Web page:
Charlie D. Worthington
Biography: Charlie Demearl Worthington was born on September 2, 1920, in Silver Creek, Georgia. He was the son of Claude Demearl Worthington and Dora Louise Fricks and attended Floyd County schools through the eighth grade.
After leaving school, Charlie worked for the Lindale Cotton Mill in Lindale, GA. His enlistment record indicates he was involved in the manufacture of textiles and specifically the measuring of cloth remnants and the running of a brusher machine, which removed lint from cloth.
Service Time: Charlie entered the service at Fort McPherson, GA, on December 16, 1942, and began his active service on the 28th. He was sent to Fort Hood, Texas for basic training and was then assigned to Company A of the 807th Tank Destroyer Battalion. He trained with them at a number of facilities within the U.S., including Camp Gruber, Oklahoma for advanced training. It was during his training that he qualified as an Expert with the rifle and transitioned from a cannoneer to assistant driver and radio operator. From Camp Gruber they were sent to participate in the Louisiana maneuvers at Camp Polk, LA, in September of 1943.
It was during 1943, that while on leave, Charlie married the former Opal Lee Highfield. Opal was the daughter of Melvin Mathue Highfield and Beddie Beatrice Tommie.
They were then sent to the Desert Training Center and later to Fort Dix, New Jersey, for final preparations for shipment overseas. Charlie actually went AWOL (absent without leave) for three days prior to shipping out. The unit finally shipped out from the New York port on August 11, 1944, arriving in Liverpool, England, on August 23, 1944. Less than a month later, they boarded transports and landed at Utah Beach on September 18th, equipped with towed 3″ anti-tank guns. As a radio operator, Charlie had the responsibility to install and operate the tactical field radio and receiving equipment. He was required to both send and receive messages in Morse Code as well as light signals.
The 807th fought in the Metz, France, sector from September to November and attacked toward Saarlautern, Germany, in November and December. They battled the German Nordwind offensive in January, 1945, and then shifted north for offensive actions to the Rhine River in March. It is interesting to note that while serving in France, Charlie was able to meet his brother Claude, “Buddy”, who was serving with an Infantry Division, which was also stationed in France. His brother Andrew also served during WWII as an MP (Military Police).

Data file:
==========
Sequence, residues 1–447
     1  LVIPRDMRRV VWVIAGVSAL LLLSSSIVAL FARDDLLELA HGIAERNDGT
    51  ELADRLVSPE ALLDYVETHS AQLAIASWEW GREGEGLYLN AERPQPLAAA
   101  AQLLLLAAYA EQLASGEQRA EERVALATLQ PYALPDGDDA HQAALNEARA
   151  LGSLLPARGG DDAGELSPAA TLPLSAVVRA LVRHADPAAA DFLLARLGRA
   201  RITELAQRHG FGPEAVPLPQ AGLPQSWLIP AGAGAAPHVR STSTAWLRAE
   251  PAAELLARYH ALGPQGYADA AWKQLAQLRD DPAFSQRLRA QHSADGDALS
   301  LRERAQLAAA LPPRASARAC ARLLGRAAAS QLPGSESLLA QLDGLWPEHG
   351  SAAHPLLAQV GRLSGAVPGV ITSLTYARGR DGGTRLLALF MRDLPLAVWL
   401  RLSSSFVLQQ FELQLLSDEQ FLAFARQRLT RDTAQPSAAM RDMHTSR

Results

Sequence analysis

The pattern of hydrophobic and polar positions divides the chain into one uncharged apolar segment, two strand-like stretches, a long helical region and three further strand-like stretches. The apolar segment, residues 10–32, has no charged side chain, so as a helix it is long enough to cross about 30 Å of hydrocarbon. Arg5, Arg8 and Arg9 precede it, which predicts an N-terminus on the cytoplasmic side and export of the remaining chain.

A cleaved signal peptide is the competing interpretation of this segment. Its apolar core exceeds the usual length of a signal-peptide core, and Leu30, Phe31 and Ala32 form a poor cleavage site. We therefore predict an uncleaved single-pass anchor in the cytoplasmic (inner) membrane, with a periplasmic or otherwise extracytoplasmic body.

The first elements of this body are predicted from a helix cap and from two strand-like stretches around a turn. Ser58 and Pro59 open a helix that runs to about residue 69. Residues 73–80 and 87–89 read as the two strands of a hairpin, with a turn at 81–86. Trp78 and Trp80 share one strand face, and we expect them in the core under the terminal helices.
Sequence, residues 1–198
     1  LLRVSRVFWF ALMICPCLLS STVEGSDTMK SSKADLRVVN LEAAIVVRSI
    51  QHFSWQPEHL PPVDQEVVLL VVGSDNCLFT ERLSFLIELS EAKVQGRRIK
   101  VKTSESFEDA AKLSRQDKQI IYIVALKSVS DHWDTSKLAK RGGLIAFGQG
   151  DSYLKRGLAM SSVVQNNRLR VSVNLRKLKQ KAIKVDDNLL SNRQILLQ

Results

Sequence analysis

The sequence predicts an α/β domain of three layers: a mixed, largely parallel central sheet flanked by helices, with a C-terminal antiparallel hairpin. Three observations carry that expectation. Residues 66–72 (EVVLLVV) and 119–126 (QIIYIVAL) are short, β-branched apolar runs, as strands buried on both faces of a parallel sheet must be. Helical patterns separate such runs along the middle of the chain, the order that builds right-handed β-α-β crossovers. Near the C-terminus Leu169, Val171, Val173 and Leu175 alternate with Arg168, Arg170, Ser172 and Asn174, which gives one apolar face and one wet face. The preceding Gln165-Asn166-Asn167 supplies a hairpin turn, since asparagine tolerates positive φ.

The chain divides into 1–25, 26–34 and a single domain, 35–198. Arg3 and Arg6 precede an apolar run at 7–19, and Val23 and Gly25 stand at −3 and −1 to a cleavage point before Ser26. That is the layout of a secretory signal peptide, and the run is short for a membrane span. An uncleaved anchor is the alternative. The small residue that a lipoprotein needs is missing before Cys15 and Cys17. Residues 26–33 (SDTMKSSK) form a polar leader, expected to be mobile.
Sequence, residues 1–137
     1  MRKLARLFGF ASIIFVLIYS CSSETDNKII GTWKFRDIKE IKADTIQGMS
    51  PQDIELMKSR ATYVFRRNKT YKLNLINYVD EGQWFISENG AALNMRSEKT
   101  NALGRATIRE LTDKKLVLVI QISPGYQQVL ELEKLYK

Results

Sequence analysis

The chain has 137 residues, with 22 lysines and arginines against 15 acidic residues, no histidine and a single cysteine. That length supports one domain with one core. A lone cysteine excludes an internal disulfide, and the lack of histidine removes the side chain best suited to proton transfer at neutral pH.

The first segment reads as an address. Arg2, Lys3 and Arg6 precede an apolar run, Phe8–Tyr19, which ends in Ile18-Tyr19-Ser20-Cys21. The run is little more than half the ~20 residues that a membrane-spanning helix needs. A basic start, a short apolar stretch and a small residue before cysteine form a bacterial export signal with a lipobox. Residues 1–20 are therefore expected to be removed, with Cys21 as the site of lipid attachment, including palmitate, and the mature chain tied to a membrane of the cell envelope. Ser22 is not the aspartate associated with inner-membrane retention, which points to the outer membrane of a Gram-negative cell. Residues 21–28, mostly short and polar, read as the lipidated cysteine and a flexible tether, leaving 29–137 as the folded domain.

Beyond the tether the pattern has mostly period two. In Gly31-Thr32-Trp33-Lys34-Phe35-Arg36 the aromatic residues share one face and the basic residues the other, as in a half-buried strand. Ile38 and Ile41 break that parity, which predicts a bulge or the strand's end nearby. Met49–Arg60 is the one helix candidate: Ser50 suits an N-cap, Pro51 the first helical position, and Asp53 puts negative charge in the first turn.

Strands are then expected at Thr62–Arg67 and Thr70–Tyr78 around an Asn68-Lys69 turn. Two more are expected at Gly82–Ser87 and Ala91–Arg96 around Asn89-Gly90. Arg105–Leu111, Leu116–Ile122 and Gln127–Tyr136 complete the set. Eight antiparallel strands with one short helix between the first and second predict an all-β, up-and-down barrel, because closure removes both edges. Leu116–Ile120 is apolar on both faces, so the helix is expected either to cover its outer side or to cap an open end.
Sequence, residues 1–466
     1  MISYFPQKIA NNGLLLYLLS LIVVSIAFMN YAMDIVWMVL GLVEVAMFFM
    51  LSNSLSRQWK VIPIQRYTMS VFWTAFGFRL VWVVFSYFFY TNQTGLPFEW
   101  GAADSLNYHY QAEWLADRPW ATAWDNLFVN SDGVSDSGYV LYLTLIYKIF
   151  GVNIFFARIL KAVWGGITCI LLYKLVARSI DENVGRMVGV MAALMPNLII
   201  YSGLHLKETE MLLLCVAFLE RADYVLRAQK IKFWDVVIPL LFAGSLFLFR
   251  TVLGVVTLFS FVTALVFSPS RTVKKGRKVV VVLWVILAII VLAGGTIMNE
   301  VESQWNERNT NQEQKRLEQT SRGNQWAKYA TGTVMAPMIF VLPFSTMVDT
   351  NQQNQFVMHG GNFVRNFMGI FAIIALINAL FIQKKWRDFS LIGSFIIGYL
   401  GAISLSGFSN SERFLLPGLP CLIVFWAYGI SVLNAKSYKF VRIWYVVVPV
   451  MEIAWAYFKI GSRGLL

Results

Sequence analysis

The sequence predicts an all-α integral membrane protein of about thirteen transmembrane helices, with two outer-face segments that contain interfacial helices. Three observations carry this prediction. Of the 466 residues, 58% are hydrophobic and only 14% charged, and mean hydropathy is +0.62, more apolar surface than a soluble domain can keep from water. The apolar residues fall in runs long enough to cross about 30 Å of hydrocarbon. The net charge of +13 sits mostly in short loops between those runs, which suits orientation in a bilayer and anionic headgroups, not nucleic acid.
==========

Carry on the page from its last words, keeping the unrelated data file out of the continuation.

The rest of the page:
The three brothers can be seen in the photo above. L to R is Claude, Andrew and Charlie.
The unit defended the Rhine bridges in April and converted to M18 tank destroyers in time to join the drive through Bavaria late in the month. They finally reached the vicinity of Salzburg, Austria, in early May. Charlie received credit for two of the unit’s campaigns, Rhineland and Central Europe and was awarded the EAME, American Theater and Good Conduct Medals. He shipped home on July 7th and arrived back in the U.S. on the 16th. He was briefly assigned to the Towed Gun and Field Artillery Detachment at Fort Hood but left the service a few months later on October 27th, at the rank of Private First Class.
Charlie returned to his family, which now included a little girl, Elaine, born while he was overseas. A second daughter, Kathy and a son Ray, were born later. He went back to work for the Lindale Cotton Mill and remained with them for over 40 years as a supervisor. In his spare time, Charlie enjoyed hunting and gardening and was a member of the First Baptist Church of Lindale but also attended the Second Avenue Baptist Church.
After the death of his beloved Opal in 1976, he married the former Gwendolyn Muriel Ezzell, on May 7, 1977. Charlie passed away on July 15, 2012, at the age of 91, and was buried in the Oaknoll Memorial Gardens Cemetery in Rome, Georgia. I want to thank Charlie’s grandson, Jeffrey Stone, for providing the information and photos for this tribute. Jeffrey also interviewed his grandfather on January 28, 2006, and has posted it on YouTube. You can view it at the link shown below on left.